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Getting a photography business off the ground can be exhausting and expensive. Most professional photographers have both a website and a portal that allows clients to view photos, make prints, buy albums and more. So how do you get all these goodies, and how much is it going to cost you?
Below we'll answer these questions and more as we take a look at five sites that can fill your need for either or both of the services mentioned above (basic website or powerful online store). We'll introduce you to each service, describe their basic features and how they compare to the other options and give you a look at their pricing plans so you can decide which is best for you.

Photography Website

Step by Step

Set your focus

Before turning your computer on and opening your favorite website builder, sit down a minute and ask yourself what your exact aim is. Is it to attract more clients? To display your latest photography project? Or a bit of both? Your mind must be set before you start, since it’ll help you choose the right images and organize them better.
Typically, most photographers will use the same website to display different genres. It’s perfectly fine, as long as you draw a clear line of separation in between. Simply create multiple galleries, one for each category displayed: weddings, portraits, street captures, etc. If you have a particularly large set of projects, or if certain artistic works are hard to reconcile with your more commercial work (you document cemeteries around the world and make a living by photographing newborns), you might consider going for separate websites. The good news is that, with Wix, you can create as many as you wish – all of them for free.

Give it your best shots

Now that you’ve decided which collections of works you want to display on your online portfolio, it’s time to choose the shots. It’s important to keep in mind that your website doesn’t have the same function as your Instagram account. Here, you don’t want to publish every single picture that you took, in order to raise engagement. On the contrary: your website is meant to display only your best, most representative pieces in each category.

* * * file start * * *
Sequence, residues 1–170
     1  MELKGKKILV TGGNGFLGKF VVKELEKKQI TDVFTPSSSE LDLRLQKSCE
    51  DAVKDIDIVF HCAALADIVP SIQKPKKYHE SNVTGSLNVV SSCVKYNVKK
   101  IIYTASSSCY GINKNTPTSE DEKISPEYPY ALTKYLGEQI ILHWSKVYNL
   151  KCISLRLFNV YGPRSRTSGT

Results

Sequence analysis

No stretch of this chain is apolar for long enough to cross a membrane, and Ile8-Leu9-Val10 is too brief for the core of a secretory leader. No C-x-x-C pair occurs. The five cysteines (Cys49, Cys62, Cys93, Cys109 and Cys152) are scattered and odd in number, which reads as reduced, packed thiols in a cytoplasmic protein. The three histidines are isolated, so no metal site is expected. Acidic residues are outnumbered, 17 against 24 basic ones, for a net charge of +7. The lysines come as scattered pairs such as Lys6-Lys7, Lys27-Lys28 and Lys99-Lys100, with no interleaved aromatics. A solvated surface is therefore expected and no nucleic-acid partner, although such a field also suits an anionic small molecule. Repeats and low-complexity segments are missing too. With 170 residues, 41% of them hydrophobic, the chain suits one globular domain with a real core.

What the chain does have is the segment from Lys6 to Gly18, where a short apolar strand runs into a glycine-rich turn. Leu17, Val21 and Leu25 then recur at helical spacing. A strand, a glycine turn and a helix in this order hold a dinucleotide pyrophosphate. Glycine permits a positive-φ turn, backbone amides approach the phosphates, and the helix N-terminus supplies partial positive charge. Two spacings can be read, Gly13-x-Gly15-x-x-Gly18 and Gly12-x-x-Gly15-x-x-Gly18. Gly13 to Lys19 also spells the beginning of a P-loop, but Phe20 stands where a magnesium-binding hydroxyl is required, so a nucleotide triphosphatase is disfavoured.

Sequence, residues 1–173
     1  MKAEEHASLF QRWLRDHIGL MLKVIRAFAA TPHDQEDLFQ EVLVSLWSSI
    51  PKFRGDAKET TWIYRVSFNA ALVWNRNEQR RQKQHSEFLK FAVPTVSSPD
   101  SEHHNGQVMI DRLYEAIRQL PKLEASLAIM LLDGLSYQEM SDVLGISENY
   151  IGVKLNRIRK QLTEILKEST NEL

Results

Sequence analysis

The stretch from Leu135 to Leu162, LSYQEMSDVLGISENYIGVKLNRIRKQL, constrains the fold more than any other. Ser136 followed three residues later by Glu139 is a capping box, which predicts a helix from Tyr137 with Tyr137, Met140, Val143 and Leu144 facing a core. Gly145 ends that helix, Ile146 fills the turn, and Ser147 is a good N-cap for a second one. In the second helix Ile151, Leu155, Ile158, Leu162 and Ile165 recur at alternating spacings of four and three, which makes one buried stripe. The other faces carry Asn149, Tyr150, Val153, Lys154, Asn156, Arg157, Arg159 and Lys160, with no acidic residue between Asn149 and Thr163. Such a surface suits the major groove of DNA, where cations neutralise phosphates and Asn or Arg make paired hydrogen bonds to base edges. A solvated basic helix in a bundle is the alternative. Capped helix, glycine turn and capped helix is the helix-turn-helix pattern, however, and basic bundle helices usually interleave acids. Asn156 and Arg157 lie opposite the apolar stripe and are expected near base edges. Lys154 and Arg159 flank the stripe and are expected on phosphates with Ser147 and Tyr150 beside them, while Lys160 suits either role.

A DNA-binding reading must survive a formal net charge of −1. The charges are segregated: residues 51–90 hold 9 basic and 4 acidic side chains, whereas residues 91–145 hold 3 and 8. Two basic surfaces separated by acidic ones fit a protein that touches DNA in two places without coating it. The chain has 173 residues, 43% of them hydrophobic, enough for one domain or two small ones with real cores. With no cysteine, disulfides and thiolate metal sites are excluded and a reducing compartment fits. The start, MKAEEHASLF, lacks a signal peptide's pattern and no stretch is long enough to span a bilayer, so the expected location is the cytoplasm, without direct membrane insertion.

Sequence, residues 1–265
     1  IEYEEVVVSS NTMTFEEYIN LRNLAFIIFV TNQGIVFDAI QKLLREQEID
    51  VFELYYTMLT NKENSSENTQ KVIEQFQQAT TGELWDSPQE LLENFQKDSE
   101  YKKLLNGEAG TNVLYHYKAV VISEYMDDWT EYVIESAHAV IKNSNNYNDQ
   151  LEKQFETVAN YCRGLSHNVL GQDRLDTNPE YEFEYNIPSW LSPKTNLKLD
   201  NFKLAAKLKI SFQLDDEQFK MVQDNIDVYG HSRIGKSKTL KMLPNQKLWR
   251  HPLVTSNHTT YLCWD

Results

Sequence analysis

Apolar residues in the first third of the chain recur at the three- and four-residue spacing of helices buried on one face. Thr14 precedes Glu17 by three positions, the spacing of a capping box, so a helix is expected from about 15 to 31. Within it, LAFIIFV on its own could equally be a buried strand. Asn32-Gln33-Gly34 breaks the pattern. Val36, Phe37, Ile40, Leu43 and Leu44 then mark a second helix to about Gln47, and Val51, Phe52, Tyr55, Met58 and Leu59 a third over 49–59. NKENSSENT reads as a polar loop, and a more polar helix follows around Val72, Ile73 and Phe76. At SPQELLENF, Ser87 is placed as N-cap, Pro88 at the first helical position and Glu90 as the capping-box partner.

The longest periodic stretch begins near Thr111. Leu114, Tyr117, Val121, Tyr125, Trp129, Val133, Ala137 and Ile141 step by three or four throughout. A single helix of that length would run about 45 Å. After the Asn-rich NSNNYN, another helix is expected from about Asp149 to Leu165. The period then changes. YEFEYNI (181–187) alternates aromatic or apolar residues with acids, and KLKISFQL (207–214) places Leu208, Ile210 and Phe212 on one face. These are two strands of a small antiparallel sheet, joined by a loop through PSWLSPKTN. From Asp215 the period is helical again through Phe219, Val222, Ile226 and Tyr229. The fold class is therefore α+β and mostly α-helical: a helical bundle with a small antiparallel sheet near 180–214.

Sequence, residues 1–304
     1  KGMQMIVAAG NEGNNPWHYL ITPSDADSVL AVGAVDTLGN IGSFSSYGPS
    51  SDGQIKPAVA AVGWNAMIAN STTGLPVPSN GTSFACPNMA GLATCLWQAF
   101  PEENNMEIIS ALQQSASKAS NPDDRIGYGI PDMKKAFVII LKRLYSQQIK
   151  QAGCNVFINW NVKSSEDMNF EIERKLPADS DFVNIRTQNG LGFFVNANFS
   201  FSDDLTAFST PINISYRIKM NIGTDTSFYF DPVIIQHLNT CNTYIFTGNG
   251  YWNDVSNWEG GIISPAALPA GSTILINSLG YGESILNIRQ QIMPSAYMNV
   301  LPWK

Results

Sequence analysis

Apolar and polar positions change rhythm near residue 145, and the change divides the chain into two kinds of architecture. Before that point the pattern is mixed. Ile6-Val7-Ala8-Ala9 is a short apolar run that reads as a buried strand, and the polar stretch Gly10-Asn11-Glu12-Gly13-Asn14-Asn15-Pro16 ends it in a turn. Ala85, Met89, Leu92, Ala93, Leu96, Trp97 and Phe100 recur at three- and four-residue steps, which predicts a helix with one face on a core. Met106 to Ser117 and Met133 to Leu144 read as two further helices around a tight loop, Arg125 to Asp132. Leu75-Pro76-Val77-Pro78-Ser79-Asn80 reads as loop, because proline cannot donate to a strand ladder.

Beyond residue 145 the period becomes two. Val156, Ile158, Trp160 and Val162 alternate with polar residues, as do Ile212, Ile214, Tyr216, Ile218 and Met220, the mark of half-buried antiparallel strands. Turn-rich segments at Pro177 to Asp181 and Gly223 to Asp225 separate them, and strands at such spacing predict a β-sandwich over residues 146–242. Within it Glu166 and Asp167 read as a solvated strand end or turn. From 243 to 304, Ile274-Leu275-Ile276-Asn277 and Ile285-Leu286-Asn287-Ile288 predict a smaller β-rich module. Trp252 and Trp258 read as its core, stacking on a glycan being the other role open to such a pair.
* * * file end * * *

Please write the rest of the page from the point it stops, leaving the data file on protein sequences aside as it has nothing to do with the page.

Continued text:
In a nutshell, always pick quality over quantity. Our recommendation: you can go for 20 to 30 pictures per gallery maximum. It’s preferable to leave your visitors with a desire for more, rather than “overfeeding” them. Plus, overloading your website with images might make it slower – and you know that Internet users are not the most patient, especially on mobile.

Imagine your layout

The layout is the visual structure of your portfolio. For a photographer, the driving idea is to make sure that your images remain at the very center – and thus get the attention they deserve. The first way to do this is by going for a refined design, with a minimum of items. A black (“dark”, in the web design slang) or white (“clean”) background is also recommended, since it makes your photos naturally stand out. Second, consider the type of display you want to use. It should fit the dominant format of your pictures: long scrolling if you take a lot of verticals images (like portraits), thumbnails for horizontal ones, etc. To help you out, here is a very clear guide on choosing the right layout for your online portfolio.
Need inspiration? Have a look at the websites of photographers you admire and how they organized their work. You can begin by using one of the many Wix templates for photographers created specifically by our designers with artists and professionals in mind. Of course, they’re entirely customizable – from the header to the footer – so you’re website will undoubtedly be unique and tell the only story worth mentioning: yours.

Add the right pages

It’s time to do something you may not have done since the 12th grade: take a pencil to paper. You’ll use them to create the architecture of your site, that is to say the way your pages are connected to one another. Of course, you can adjust your plan at any moment with the Wix Editor, but try to be as detailed possible: it will considerably ease your workload in the coming stages.
Now write out which pages (or sections) you want on your website and where they will be placed, in order of importance. As a photographer, you don’t need too many.

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